Los Angeles’ Dibia$e is another omission from the original tracklist for the mix. To be fair at the time we put the mix together, getting a hold of his beats was still pretty tricky, though come to think of it the video game sampling EP he did in ’08 was already a firm favourite of mine at that time, so we did miss him out (I can’t find links to it anymore and it’s hidden in my back up drive somewhere).
Sweatson Klank once told me Dibia$e was like L.A’s own Dilla in a sense, a praise that many would agree with as the producer has a quality to his beats that is undeniably as neck snapping as some of Dilla’s greatest moments. Thanks to Myspace in no small part he’s come to more worldwide prominence in recent years with releases on All City records among others and there’s a new project he’s involved in called The Dark Horsemen which is one of the things I’m most excited about this year in terms of the coming together of the new generation of beatmakers and MCs. Let’s hope it does come out, though for now we’ve got a track forthcoming on Kutmah’s new Worldwide Family vol.2 compilation.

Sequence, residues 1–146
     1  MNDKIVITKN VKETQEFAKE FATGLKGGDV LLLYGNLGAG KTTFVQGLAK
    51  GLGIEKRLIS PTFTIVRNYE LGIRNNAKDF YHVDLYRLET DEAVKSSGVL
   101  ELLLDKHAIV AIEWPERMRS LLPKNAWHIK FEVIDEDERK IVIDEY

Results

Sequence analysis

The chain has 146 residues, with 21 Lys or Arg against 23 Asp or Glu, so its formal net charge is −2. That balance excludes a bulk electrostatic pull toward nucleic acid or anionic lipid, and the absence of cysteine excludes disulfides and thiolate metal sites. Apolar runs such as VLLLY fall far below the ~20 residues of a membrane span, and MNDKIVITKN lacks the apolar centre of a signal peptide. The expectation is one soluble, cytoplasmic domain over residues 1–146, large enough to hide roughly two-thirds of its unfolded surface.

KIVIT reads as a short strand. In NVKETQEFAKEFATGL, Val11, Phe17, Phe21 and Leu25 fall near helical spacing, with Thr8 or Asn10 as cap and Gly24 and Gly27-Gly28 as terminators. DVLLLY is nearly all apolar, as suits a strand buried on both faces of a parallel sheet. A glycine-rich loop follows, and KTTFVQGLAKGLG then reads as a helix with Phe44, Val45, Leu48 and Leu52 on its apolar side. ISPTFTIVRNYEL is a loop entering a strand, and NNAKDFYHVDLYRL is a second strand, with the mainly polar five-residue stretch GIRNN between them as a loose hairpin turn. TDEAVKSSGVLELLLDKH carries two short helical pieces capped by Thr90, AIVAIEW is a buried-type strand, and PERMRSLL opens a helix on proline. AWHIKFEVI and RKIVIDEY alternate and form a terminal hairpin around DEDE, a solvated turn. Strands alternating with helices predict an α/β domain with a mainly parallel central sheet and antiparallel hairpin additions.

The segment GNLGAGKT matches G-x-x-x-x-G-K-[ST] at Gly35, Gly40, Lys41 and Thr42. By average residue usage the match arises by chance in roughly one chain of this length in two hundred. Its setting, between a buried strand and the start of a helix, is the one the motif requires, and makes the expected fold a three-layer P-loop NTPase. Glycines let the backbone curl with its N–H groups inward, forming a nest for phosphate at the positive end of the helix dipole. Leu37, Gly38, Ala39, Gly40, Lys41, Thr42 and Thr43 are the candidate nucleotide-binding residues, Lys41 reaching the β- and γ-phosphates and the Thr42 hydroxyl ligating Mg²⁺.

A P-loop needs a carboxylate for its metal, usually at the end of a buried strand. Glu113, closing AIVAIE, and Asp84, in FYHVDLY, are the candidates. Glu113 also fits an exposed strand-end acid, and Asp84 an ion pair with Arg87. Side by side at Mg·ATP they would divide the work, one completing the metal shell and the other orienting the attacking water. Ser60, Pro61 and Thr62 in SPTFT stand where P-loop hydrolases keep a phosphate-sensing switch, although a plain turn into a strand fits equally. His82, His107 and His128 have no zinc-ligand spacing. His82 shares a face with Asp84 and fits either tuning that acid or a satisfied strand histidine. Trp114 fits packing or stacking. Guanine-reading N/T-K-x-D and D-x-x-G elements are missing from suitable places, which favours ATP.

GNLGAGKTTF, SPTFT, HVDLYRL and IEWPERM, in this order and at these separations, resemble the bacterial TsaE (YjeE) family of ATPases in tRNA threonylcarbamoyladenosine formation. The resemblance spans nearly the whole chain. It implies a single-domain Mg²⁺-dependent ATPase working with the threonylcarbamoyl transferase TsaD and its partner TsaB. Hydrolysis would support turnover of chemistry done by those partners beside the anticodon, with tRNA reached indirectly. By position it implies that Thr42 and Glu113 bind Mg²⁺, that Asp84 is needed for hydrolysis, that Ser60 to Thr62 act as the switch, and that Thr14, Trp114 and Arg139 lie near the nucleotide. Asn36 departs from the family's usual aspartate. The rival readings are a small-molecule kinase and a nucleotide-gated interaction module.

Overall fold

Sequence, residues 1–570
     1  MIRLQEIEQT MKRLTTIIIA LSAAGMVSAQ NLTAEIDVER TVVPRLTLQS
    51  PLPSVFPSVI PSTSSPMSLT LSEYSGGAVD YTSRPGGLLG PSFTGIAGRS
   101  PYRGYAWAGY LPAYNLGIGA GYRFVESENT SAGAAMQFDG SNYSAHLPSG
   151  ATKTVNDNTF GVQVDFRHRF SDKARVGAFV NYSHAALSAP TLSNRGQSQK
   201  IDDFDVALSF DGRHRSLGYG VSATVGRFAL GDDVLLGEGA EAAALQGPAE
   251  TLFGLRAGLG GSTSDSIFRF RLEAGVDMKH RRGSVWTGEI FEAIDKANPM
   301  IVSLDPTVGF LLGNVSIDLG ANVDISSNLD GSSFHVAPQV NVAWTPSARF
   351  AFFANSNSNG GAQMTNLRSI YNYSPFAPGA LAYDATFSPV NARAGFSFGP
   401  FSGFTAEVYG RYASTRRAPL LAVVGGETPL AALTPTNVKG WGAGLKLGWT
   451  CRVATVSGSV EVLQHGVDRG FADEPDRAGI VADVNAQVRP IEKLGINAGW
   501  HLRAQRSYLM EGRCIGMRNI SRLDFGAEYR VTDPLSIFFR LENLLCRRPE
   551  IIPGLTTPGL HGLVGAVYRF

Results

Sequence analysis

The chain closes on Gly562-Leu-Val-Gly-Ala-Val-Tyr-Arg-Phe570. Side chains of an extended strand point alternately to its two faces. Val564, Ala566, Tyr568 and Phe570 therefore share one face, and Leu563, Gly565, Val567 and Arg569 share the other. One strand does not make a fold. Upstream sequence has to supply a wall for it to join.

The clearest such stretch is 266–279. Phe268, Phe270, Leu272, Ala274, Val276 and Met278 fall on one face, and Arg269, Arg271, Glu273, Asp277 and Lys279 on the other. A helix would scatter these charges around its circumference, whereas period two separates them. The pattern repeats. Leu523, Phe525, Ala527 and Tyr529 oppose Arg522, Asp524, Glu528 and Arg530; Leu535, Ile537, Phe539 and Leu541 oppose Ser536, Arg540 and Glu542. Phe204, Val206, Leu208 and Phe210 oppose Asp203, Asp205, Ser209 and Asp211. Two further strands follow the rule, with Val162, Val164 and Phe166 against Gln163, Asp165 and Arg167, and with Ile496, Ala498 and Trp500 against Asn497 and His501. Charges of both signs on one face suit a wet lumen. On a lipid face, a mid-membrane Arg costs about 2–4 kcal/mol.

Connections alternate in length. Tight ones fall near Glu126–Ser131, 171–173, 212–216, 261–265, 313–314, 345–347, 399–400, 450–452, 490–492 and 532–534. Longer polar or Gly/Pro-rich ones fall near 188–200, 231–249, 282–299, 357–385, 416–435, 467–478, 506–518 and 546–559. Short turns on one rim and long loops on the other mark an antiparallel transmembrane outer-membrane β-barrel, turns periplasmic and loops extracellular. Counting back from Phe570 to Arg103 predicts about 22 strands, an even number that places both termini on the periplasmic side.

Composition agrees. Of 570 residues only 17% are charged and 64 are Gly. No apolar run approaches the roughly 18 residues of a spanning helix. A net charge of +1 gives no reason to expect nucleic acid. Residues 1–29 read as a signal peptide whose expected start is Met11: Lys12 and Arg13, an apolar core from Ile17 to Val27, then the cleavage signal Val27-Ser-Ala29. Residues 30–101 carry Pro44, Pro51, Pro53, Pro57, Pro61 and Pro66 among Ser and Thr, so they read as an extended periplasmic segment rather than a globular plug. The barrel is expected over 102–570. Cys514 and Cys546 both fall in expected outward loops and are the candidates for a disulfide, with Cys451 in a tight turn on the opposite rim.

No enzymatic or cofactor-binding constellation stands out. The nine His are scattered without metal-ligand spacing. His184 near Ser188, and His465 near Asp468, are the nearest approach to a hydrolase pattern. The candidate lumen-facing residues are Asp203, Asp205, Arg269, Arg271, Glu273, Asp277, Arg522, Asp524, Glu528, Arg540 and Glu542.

I just came across this interview Dibia$e did in Montreal last year and was pleasantly surprised to see him talk early on in the video about how ‘people come up with all these names. We just know it as beats’. This is a point I make during the talks when I touch on how the idea of a scene coalesced in the late 00s and how ‘beats’ was the one generic term that seemed to be the most accepted. Ultimately though, beats is too generic a term despite its usefulness. He also talks about how krumping in L.A is tied to the beats scene something I didn’t know about, or that he was an MC and that Flying Lotus DJed his last set as an MC.
They also name check Montreal producers such as KenLo Craqnuques and Shash’u, the latter I discovered recently thanks to Kutmah’s new Brownswood compilation. You can also check a recording of Dibia$e’s set from the Montreal party here. Bonus!